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A stampede sparked by a road accident in dense forest has killed more than 100 Hindu pilgrims in southern India.
Kerala's deputy general of police says that 102 people had been killed.
The state's chief minister has called for an emergency meeting of the state government, as Indian Prime Minister Manmohan Singh pledged up to 100,000 rupees (£1,390) compensation to each of the families of those killed.
Hundreds of thousands had gathered at the hilltop shrine of Sabarimala on the last day of an annual two-month religious festival.
A bus carrying pilgrims back to the neighbouring state of Karnataka collided with a jeep and went out of control, crushing people walking nearby. Panicked pilgrims rushed forward, triggering a stampede.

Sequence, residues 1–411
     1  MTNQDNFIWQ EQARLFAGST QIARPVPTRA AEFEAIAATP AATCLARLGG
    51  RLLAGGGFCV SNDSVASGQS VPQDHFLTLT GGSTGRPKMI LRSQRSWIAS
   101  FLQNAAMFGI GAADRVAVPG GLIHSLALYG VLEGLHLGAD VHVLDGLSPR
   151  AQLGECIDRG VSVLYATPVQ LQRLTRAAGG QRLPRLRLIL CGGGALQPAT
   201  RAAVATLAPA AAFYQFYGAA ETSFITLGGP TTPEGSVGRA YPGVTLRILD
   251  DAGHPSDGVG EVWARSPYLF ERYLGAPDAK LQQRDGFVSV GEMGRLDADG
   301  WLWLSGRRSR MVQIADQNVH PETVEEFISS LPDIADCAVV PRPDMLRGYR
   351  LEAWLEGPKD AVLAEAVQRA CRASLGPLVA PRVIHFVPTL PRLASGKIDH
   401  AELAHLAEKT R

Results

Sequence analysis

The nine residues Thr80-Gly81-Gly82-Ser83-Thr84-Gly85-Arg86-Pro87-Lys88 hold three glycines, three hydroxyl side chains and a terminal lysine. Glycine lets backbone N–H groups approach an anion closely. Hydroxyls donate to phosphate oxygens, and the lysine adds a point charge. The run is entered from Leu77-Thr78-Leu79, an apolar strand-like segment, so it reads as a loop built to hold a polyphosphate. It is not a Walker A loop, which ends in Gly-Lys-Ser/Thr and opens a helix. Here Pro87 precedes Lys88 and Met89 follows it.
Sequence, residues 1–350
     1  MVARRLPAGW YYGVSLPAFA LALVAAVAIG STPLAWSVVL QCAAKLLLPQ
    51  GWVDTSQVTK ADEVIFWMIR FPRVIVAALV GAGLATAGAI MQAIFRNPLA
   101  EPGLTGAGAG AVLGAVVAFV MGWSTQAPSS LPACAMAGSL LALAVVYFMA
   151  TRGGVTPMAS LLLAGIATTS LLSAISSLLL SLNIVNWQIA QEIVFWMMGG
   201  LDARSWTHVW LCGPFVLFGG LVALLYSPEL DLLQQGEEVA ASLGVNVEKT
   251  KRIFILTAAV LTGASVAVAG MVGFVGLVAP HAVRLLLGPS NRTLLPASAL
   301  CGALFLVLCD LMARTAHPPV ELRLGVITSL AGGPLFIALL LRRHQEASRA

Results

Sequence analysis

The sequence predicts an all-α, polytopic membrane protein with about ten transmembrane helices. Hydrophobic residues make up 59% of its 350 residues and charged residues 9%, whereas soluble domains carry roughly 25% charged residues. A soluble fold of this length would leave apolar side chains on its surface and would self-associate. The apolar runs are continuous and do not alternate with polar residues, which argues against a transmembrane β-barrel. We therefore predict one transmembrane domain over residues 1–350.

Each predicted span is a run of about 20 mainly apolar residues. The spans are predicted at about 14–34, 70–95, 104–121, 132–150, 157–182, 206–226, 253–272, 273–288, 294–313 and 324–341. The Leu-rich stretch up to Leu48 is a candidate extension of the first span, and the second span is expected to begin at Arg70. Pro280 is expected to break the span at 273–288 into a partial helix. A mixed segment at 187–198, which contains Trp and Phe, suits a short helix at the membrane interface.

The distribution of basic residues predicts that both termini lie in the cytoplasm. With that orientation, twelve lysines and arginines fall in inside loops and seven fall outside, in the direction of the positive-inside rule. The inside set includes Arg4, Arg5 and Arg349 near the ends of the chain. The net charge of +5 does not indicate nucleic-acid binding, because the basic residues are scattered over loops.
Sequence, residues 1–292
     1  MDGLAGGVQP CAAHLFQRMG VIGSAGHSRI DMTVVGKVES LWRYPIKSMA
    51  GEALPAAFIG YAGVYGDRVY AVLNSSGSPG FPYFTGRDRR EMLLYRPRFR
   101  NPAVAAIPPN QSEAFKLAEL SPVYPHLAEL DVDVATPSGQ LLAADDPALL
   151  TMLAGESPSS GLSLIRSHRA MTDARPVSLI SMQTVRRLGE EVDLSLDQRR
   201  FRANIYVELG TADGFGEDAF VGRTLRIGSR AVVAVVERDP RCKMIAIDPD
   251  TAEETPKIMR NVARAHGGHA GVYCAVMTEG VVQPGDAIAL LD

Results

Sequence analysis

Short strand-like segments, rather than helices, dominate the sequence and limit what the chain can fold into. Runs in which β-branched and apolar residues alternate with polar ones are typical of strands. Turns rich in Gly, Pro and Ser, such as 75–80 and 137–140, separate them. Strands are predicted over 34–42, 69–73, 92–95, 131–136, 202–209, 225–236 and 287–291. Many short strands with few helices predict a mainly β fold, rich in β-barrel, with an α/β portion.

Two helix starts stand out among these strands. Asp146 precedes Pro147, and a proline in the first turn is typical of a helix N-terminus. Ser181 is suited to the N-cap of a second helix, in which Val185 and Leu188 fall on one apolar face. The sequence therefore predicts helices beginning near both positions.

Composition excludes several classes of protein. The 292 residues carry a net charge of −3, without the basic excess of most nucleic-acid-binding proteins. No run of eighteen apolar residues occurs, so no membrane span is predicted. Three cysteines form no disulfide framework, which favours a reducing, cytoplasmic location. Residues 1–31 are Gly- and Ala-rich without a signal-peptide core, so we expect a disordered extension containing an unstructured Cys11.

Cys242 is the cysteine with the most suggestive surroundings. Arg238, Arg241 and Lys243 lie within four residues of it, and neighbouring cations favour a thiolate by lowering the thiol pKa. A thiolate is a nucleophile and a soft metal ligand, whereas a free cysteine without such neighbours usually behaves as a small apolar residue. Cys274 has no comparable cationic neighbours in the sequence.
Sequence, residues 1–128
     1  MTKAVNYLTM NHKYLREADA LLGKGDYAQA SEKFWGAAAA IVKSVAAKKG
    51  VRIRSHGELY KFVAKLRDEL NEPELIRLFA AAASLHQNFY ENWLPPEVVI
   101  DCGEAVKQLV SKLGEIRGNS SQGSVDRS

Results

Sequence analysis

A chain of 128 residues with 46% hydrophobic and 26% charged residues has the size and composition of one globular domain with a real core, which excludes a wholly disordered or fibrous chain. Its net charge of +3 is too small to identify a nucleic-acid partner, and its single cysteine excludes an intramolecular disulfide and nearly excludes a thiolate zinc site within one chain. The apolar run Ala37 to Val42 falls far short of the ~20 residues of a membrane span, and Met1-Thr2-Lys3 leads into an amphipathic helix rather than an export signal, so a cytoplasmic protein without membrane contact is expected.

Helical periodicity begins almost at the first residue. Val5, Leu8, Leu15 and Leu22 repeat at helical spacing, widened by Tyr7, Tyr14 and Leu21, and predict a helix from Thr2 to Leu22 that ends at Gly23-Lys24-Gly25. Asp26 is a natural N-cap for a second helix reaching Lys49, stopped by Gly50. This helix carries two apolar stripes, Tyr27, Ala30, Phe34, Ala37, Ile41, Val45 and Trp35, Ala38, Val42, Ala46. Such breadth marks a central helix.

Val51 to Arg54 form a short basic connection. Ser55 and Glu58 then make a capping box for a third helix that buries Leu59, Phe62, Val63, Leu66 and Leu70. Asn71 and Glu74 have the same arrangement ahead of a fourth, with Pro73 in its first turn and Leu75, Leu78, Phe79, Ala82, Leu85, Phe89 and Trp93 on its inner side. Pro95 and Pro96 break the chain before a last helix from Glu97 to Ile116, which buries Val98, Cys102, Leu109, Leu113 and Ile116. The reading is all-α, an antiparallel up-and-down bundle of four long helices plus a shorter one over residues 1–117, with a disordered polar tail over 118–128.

Stampedes at large public gatherings are common in India, especially at popular places of worship. Large numbers throng congested areas with few or no safety regulations and inadequate crowd management measures.
Fifty-two pilgrims were killed in an almost identical stampede at Sabarimala in 1999. An investigation into the deaths found the state government guilty of negligence in ensuring public safety.